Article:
I write a goodly number of shell scripts because, well, you can do a lot of automation with a low-tech shell script. So I have enough of these buggers now that I can't remember if they all work. In other words, I have more than two scripts. And I feel this twinge of fear every time I tweak one of them.Read Mike Clark in Yes, Even Shell Scripts
Mike Clark has written about being burned by "breaking" the system with a change to a shell script. He goes on to explain the situation, and how he wrote a test which guarantees that it doesn't happen again. How much should we be testing?
- Posted by: Dion Almaer
- Posted on: April 01 2004 08:46 EST
If you don't want something to fail then
you need to test it. You'll need unit tests
and a test area where you can run full tests.
If the system uses scripts or not doesn't really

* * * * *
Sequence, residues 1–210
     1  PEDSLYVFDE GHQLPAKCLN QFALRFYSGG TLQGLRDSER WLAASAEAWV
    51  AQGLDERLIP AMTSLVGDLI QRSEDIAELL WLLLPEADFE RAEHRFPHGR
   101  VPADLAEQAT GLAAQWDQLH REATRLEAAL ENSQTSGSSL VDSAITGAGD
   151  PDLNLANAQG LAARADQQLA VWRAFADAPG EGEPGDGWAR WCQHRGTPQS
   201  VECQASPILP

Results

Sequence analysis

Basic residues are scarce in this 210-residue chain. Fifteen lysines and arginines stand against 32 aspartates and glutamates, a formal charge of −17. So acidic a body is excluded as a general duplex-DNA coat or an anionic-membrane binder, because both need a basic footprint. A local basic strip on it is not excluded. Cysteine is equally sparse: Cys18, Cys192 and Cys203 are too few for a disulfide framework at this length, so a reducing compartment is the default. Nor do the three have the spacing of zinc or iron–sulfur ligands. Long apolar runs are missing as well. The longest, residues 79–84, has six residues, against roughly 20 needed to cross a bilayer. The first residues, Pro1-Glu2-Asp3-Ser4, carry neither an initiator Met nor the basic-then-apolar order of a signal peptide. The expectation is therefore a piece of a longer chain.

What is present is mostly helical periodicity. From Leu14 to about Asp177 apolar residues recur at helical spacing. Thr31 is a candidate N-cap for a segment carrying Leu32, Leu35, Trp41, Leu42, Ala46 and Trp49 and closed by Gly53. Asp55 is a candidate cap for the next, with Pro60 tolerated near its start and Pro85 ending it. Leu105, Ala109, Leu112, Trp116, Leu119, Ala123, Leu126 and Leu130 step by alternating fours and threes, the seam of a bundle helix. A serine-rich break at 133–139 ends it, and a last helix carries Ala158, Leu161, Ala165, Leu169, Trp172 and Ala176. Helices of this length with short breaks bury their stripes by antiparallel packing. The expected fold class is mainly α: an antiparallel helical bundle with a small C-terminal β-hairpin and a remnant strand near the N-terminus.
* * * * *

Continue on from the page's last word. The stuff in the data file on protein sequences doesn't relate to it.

A lot of my scripts can fail without the world
being worse off so i don't unit test them, though
i always acceptance test them.
If you don't want something to fail thenyou need to test it.Our management truly believes in Test Driven development and committed to QA therefore we just hired two developers to write test cases to control correctness of bytecode generation. So far they produced about 150 JUnit test cases and the tests already proved their usefulness. No problems related to bytecode generation were submitted in our bug tracking system.